- Fashion Revolution France launched a Guerrilla Poster campaign
- Fashion Revolution Ukraine launched BUYLESS, an artist collaboration with secondhand clothes
- Fashion Revolution Italy hosted ARTIVISM, an online exhibition of art on the theme of ‘Rights Relationships and Revolution’
- Fashion Revolution USA hosted a Fashion Question Time event on teh SB62 Garment Worker Bill in LA
- Fashion Revolution Egypt launched a series of discussions with fashion influencers and stylists
- Fashion Revolution Sudan hosted an event on the circularity of upcycling
- Fashion Revolution Ireland teamed up with Nuw to host a virtual clothes swap event
- Fashion Revolution Nigeria collaborated with Lagos Fashion Week’s Woven Threads programme
- Fashion Revolution Zambia hosted a discussion on sustainability in the Zambian fashion industry
- Fashion Revolution Chile hosted a talk on the relationships we establish with indigenous communities
- Fashion Revolution Portugal hosted a discussion on greenwashing and how to spot it
- Fashion Revolution UAE hosted an event unpacking the relationship between fashion and our oceans
- Fashion Revolution South Africa hosted a panel discussion on growing and greening South Africa’s fashion industry
We’re also seeing brand new country teams rising up from this year’s Fashion Revolution Week, from Cuba to China. You can explore all our country teams and get involved in the Global Network here, and catch up on a selection of virtual events here.
“The role of the artist is to make the revolution irresistible.” – Toni Cade Bambara
Creativity has always been the core part of our movement, and this year we wanted to collaborate with some brilliant international artists to develop fresh new takes on our iconic #FashionRevolutionWeek posters, including @kissi_ussuki, @jada_art, @bugclubsupreme and @jungeun__lee.
In 2020, people went into lockdowns around the world and used the windows of their homes to share messages of inspiration and support for their neighbourhoods along with messages of politics and protest. To help make a statement and start conversations beyond social media, we encouraged you to print our or make your own Fashion Revolution posters and stick them in your window for some at-home activism.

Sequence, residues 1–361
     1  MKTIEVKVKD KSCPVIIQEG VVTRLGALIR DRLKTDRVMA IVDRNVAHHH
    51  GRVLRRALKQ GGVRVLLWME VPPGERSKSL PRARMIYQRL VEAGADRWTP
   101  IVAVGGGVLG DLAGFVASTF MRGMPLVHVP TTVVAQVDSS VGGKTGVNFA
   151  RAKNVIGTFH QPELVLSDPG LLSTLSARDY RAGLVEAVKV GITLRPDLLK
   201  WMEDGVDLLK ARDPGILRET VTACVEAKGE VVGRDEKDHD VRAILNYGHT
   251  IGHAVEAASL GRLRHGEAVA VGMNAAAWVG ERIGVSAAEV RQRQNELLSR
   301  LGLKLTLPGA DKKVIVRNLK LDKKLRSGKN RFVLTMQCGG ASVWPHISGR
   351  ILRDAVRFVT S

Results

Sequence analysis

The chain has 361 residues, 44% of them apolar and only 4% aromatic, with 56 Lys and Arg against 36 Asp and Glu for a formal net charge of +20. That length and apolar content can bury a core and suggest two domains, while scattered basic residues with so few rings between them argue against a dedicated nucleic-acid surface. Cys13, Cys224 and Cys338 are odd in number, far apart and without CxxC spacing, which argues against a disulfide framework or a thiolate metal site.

You can continue to access the free artist-commissioned posters here.
In partnership with the World Fair Trade Organisation, we wanted to go beyond the #IMadeYourClothes hashtag and translate our resources into dozens of additional languages for producers around the world, and share some brilliant videos we produced with Fair Trade fashion enterprises.
These interviews showcase people working in the global fashion supply chain for Fair Trade enterprises, a business model that pours profits back into the wellbeing of the local community. Celebrating the real joy in their work, these small social enterprises showcased the women who make their clothes in this IGTV takeover. Catch up all three short videos in the series, including Dipali Pramanik from Sasha in India, Maria del Pilar Marcapiña from Peruland in Peru, and Kopila, Urmila, Sarita and Nirmala from Purnaa in Nepal.
- What was your childhood dream job?
- What could the industry do to improve your work/personal life?
- If you were given the power to make positive changes in the garment industry, what would you do?
- What is the most important thing to you right now?
You are Fashion Revolution
The best part of Fashion Revolution Week is always seeing the incredible social media content shared from you, our community. Throughout the week, thousands of you asked fashion brands #WhoMadeMyClothes? #WhoMadeMyFabric? and #WhatsInMyClothes? to hold them accountable for their impact on people and the planet and push for greater transparency throughout the supply chain. We also saw brands and manufacturers sharing their stories with #IMadeYourClothes and #IMadeYourFabric to help us bridge the gap between consumers and producers.
Remember, Fashion Revolution is 365 days a year, so we encourage you to get involved all year round – you can download the posters here.
If you learned something during Fashion Revolution Week 2021, please consider donating to us. Your donations help us to:
• Conduct vital research on transparency, consumption, conditions and more that shakes up the industry from the inside out.
• Liaise directly with powerful policymakers to help uphold human rights throughout the fashion supply chain.
• Help our teams in 90+ countries around the world to facilitate meaningful local community action through financial and operational support.
• Directly support our network of partner organisations to make a difference in the lives of the people that make our clothes.
• Create free, open-source resources, events, tools and educational content to turn as many people as possible into fashion revolutionaries.
From all of us in the Fashion Revolution team, thank you for all your support and participation. Every single voice makes a difference in our fight for a fashion industry that conserves and restores the environment and values people over growth and profit.